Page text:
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Super post, Sebastian! ? A super simple way of making one of those 4-year plans and to keep from feeling overwhelmed is to take a sheet of notebook paper and fold it twice, into quarters, then open it out and you have 4 "boxes" with lines for jotting in with pencil and erasing for planning. ?

I'll add a "replay" of a previous post of mine from the thread "High School curriculum, where do I start??" Best of luck to everyone starting to think ahead to homeschool high school! Warmest regards, Lori D.


Welcome to high school planning! Come on in -- the water's fine!

No need to panic. Honestly, much of the planning/doing of 9th grade will be like what you have already done in the past: each year, you just take the next step up. With high school there will be the next step up in difficulty and volume, just as there is with each previous grade, but there will also be a few other things you'll want to take into consideration, to help you decide on specific curriculum. My suggestion before planning specific curriculum would be to sketch out a flexible general high school plan.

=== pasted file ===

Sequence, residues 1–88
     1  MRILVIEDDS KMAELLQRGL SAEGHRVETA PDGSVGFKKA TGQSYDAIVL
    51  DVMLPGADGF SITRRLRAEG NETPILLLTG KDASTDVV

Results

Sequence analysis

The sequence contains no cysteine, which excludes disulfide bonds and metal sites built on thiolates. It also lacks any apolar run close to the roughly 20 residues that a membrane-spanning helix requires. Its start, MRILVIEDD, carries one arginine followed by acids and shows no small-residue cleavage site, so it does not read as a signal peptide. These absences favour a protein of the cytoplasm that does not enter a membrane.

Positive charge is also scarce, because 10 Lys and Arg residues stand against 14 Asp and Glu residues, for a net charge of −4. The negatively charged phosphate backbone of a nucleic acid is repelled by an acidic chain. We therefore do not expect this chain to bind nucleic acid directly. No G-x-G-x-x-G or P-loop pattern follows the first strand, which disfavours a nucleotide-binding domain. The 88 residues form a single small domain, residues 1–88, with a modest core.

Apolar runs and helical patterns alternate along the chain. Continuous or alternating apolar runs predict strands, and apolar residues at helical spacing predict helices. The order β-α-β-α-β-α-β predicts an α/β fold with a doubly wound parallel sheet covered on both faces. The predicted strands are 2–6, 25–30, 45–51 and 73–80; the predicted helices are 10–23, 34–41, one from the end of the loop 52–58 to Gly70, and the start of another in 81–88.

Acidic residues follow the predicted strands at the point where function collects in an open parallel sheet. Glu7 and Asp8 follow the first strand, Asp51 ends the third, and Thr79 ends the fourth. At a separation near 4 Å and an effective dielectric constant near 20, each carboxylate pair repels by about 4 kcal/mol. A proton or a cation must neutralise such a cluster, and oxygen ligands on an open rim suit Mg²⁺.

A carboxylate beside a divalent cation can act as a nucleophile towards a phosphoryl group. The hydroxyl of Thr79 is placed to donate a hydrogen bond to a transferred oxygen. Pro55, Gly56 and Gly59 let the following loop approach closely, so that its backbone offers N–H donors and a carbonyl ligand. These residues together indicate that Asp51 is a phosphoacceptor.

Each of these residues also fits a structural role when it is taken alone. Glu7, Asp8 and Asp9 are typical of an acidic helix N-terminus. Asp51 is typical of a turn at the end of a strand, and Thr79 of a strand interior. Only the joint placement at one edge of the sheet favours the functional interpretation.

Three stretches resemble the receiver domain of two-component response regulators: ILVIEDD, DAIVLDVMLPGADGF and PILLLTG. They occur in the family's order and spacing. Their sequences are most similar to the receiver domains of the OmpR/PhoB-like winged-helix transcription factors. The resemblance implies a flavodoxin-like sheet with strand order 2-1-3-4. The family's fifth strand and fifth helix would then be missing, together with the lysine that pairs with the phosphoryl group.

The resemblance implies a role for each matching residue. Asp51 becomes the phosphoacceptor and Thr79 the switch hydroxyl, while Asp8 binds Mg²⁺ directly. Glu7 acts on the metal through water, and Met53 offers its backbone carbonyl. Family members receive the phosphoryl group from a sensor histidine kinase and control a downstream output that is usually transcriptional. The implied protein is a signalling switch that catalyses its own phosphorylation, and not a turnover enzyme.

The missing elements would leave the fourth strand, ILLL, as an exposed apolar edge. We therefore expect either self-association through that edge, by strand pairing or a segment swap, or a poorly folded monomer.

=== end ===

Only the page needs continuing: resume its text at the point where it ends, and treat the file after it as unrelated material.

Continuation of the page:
Make a high school plan:

1. Determine YOUR overall goals
Your plan would start with jotting down what your top 3 or so goals are for accomplishing in high school, as your window for accomplishing goals is narrowing to just 4 years now. What is important to you and your spouse to see developed in your student as far as character? academics? experiences? life skills? exposure to extracurriculars? other? Knowing your top goals helps you determine which classes to have your student take, and often, can help you determine *how* to accomplish those classes. Think: what helps me accomplish my goals?

2. Determine outside "required" classes
Once you have your "short list" of most important goals to accomplish, then you will probably want to start thinking about what kinds of classes you will either be required to complete or want to complete. Check your state's high school graduation requirements to see if there are any credits and classes you are legally required to accomplish.

Even if your state does not place specific requirements on homeschoolers, it is a good idea to at least look at both your state's high school graduation requirements, as well as your state's university admission requirements and consider "following along" with similar coursework for several reasons: